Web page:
Monday, September 9, 2013

Themes

After looking a little bit at Milton's life and works I see a few themes that stick out.  One chief theme of interest to him was looking at what it means to be free.  According to John Aubrey in "The Minutes of the Life of Mr. John Milton," Milton wrote tracks against the monarchy not out of any "animosity to the king's person, or out of any faction or interest, but out of a pure zeal to the liberty of mankind..." (location 523).  This "pure zeal" for human freedom comes through in his early poetry and it seems like it is explored through another of his chief themes:  looking at man's relationship with God.  We can see this in his interest in Psalms 114 and 136.  Psalm 114 begins saying that the children of Israel had after "long toil their liberty won"and that they had been able to do so by "the strength of the Almighty's hand" (lines 2, 4).  To me this implies that human liberty, for God, is a central part of his plan for mankind.  Milton saw liberty as a kind of God-given right of mankind.


We see in other works his early attempts to "justify the ways of God to men" in poems like "On the Death of a Fair Infant Dying of a Cough."  There is that question looming over this work (and later Paradise Lost) of why bad things happen to good people (or why bad things happen at all).  With the death of child, such questions naturally come to the forefront of one's thinking.  For me, it's interesting to see that in this sad experience he recognizes something of man's relationship with God.  Upon thinking of the infant girl he writes, "For something in thy face did shine / Above mortality that showed thou wast divine" (lines 34-35).  Probably Milton found a certain amount of comfort thinking that this tragic death was a returning to God and not simply an end.

I'm interested in Milton's acknowledgement of the "imperfection" of his language.  There are a couple lines in his "At a Vacation Exercise" that stand out for me.  At the beginning, as he hails his native language and basically apologizes for his imperfect use of it, saying that his tongue can do "but little grace" (line 11).  In this poem and later in Paradise Lost I see Milton saying that his chief tool in trying to understand the nature of God and or relationship with Him is through words and writing.  This elevates human language, even as he recognizes his own weaknesses with it.  Despite whatever weaknesses there are inherent in language or in writing, Milton seems to be saying that language can illuminate us to understand something about God.  As imperfect as he may be, Milton writes in the opening to Paradise Lost that "with no middle flight [his advent'rous song] intends to soar" (line14).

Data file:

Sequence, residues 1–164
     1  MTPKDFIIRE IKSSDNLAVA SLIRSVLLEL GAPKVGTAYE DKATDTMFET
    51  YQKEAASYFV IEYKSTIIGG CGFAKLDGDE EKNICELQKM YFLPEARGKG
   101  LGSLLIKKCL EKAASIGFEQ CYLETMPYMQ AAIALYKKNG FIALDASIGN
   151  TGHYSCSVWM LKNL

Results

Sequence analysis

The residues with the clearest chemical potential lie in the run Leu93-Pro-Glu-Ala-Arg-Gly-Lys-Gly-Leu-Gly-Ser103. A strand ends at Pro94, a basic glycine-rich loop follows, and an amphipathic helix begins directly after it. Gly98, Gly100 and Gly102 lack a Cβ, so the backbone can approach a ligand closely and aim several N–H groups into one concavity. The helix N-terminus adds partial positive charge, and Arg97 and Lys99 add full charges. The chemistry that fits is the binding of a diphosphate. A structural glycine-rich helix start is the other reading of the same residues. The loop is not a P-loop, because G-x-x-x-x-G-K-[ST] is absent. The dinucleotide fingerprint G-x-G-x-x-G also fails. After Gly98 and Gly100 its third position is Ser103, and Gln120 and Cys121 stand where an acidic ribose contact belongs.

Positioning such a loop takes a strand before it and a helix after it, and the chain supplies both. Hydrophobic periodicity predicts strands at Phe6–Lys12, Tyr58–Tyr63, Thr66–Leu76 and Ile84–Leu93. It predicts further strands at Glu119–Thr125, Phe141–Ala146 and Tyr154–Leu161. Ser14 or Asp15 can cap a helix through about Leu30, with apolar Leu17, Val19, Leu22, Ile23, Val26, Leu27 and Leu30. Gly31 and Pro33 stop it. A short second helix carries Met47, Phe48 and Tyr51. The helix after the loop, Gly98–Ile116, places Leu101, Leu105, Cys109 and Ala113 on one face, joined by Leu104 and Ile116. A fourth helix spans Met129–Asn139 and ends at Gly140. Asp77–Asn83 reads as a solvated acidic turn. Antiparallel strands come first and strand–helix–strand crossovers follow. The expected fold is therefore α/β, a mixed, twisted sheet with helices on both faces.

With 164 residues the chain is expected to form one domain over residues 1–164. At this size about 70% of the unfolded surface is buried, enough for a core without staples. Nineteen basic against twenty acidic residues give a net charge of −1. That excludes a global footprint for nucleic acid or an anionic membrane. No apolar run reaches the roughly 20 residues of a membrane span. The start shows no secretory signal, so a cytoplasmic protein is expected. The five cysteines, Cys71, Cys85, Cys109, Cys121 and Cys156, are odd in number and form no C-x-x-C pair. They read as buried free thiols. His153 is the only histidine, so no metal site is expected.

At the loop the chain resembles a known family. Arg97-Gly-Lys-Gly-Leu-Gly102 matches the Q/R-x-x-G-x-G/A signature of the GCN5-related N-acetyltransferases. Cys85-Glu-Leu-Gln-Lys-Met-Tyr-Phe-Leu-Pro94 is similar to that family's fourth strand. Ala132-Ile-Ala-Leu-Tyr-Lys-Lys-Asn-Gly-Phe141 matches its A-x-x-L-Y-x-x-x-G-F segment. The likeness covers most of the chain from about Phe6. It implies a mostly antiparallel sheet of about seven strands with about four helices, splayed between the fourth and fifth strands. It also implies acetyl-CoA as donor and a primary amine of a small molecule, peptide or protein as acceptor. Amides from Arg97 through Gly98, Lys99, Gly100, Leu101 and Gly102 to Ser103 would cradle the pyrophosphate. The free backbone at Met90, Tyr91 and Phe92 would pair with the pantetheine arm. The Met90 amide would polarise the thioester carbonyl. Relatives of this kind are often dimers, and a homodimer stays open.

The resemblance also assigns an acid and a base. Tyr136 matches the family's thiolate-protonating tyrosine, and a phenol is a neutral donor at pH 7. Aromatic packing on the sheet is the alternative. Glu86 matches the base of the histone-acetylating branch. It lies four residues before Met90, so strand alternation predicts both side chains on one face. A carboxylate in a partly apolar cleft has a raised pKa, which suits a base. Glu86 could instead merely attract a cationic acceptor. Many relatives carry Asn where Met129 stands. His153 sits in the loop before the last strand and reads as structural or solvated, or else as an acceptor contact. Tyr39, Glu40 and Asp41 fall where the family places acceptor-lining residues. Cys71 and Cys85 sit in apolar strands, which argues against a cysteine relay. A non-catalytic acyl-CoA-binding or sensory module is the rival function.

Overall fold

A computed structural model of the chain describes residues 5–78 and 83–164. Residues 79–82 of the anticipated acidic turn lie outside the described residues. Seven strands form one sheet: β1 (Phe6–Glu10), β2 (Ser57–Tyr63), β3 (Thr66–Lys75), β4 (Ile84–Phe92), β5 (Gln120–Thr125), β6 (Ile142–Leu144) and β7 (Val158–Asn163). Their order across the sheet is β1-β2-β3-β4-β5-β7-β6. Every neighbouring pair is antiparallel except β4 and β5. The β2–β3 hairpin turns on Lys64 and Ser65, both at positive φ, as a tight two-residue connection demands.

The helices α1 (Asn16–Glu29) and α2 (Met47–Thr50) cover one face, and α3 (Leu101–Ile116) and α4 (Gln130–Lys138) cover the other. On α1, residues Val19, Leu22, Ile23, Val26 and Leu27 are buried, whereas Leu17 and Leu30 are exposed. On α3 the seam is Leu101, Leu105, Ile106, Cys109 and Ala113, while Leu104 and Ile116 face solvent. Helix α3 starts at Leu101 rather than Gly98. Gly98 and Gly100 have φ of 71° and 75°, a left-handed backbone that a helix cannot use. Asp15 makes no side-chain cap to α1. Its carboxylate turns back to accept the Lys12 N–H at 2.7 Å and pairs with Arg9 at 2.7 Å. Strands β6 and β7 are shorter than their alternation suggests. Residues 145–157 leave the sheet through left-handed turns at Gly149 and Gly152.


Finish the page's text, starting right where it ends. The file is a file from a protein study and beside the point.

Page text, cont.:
In that spirit of Milton, may I just say that I am excited with this beginning to our studies and I just hope that my own poor skills can be able to express the thoughts that Milton's work inspires.  I'm looking forward to the rest!

2 comments:

  1. I'm really looking forward to themes of authority/liberty in Milton's work as well, especially because Milton's defense of liberty doesn't seem to be a knee-jerk reaction to the authorities of his day.

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  2. Yes, these are key themes and I'm glad to see you touch on them already, and to include quotes from Milton's writings in doing so.

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